Eating Out Filipino Style
Not too long ago, dining in a restaurant was not a common thing among Filipinos. Families dined out only when there was a special occasion like a birthday, an anniversary or a graduation. Today, they do so for any number of reasons or none at all. But now, as then, the restaurant is an extension of the home, the eating generally family-style, each member ordering his own dish but sharing it with the others. It is not extraordinary for a waiter to get a request like, please divide the spaghetti into two and cut the hamburger steak in half for Rica and Jojo. Most middle income restaurant eaters have no inclination to stick to a meal from soup to dessert, often choosing one a la carte dish and then delving into his friend’s order.
The restaurant is an extension of the home even for business people one brings the guests there for cocktails only because most Filipino homes do not have a well-stocked bar. Of course for a certain level of business people the business lunch and the cocktail hour have long come into their own.
For the majority, eating out is still considered a special treat. If one wants to friend, one invites the friend to a restaurant, even if only middle rate, and not into one’s home. It is always a surprise to a Filipino when in other countries the reverse is true. But as eating out becomes more accepted, inviting to one’s home is becoming more upsetting to the housewife who has to plan a special menu. The usual solution she buys some of the food or all of it, from a restaurant. Not a catered dinner, just a few star dishes to mix in with the ones she cooked herself. If it is a bought fried chicken, she throws away the rolls, warms some fresh pan de sal, makes a better cole slaw and some nice bean soup Restaurant-bought Chinese food she supplements with home-fried rice, or a special empanada from the freezer, and ice cream and cake for dessert. With some personal touch, store-bought food can be served without great of waves housewifely guilt.
Architecturally, even the dining rooms have shrunk. Gone is the separate dining area with elbow room for entertaining, when one’s cook grown old with the family was used to lunch being for anywhere from two to 12 persons. Quite the contrary, the modern housewife now feels no insult at all if the husband, taking with him an unexpected guest, also takes home a secret package of cooked food acquired along the way.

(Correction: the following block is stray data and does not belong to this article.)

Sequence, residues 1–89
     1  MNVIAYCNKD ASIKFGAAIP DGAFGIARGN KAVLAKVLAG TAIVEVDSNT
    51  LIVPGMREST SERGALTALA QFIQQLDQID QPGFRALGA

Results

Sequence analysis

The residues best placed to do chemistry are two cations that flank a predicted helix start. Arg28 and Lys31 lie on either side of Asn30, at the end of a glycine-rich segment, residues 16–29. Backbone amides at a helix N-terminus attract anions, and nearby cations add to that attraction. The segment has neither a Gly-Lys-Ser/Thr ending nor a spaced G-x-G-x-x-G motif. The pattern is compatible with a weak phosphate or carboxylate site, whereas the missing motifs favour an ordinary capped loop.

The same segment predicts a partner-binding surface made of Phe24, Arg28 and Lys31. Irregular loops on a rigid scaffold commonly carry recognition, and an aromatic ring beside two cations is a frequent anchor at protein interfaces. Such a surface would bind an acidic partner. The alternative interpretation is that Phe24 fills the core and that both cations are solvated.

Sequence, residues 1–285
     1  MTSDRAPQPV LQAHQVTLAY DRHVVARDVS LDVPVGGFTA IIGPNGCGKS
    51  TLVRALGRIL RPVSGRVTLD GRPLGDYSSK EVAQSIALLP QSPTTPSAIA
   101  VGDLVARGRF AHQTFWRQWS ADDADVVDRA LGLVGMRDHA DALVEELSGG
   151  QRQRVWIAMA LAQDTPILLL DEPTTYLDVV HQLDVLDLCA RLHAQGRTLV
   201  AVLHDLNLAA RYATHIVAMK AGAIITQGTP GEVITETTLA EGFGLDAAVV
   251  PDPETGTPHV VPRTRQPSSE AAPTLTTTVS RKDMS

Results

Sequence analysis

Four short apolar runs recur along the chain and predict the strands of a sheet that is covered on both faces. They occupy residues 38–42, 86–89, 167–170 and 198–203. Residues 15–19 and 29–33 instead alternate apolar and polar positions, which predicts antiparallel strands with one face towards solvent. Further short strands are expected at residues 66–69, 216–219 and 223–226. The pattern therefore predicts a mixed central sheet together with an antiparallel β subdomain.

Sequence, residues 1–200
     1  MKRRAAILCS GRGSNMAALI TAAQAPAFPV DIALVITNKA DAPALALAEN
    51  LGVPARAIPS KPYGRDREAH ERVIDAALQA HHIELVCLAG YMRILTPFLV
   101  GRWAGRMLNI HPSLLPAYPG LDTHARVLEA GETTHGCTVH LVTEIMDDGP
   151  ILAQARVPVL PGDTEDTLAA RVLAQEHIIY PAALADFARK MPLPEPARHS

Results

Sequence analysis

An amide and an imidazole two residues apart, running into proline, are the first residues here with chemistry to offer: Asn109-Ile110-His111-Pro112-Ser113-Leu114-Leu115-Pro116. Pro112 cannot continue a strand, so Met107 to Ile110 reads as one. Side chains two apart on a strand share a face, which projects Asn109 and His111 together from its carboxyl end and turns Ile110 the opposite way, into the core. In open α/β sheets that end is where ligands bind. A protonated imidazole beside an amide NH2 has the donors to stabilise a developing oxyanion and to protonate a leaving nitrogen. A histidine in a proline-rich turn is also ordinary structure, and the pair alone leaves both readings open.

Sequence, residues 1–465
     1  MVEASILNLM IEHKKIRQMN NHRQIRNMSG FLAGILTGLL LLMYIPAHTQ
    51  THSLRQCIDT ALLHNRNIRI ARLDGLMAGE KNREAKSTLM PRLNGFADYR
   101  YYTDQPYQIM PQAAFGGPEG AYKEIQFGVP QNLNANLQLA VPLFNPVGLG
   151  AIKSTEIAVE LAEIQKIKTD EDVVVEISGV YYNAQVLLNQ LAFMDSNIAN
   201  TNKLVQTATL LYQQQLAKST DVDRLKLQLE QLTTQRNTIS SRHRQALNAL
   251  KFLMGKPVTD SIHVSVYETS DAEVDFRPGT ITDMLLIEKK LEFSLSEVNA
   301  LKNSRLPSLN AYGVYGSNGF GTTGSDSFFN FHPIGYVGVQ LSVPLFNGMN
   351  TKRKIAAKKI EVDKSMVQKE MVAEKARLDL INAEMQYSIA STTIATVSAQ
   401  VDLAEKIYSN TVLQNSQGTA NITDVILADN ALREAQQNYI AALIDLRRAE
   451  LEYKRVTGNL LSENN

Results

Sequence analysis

What does the average Filipino like to eat when dining out? Chinese food, of course! For one, it can be eaten family style, the dishes common to all. He likes greasy food that fills his stomach to tautness and this he invariably washes down with some soft drink like Coke or TruOrange. And he must have rice. (No matter how many sandwiches you feed the average Filipino, he will say he is not satisfied because he ate no rice.)
The most popular Chinese food orders among the middle income Filipino are: fried rice with bits of ham, pork and boiled egg, hototay soup, sweet-sour pork, chop suey, lumpiang Shanghai, camaron rebosado and pancit Canton. The higher income Filipino will veer away from the more common Cantonese cooking and go Szechuan or Fookien. He will likely get a dish of cold cuts that includes a century egg to start, some tenderloin with kropec, broccoli with beef. lapu-lapu or crab with black beans, and the inevitable pancit. Noodles stand for long life and no Filipino will skip it. Dessert is lychees or almond jelly. The meal, of course, is liberally attended with glasses of Coke, 7-Up and Tru-Orange.
Filipino food is a late eating-out favorite. Filipino food was originally obtainable only in cheap carinderias in public markets. It was cooked in great bulk adobo, lumpia, dinuguan, menudo, sarciadong isda, even stuffed frogs placed in enamel washbasins and displayed in glass counters, to be ordered turo-turo style. (Turo-turo literally means “point-point” as one indicates the preference with a finger.) Turo-turo have since graduated to middle and upper middle restaurants, with a battery of 20 or 30 dishes behind streamlined aluminum counters, or buffet style, warmed by candles underneath. In fact, the large Fast Foods complex that features everything from stewed rabbit to Korean pickles is nothing but a very hip turo-turo patronized by sweeter smelling folk.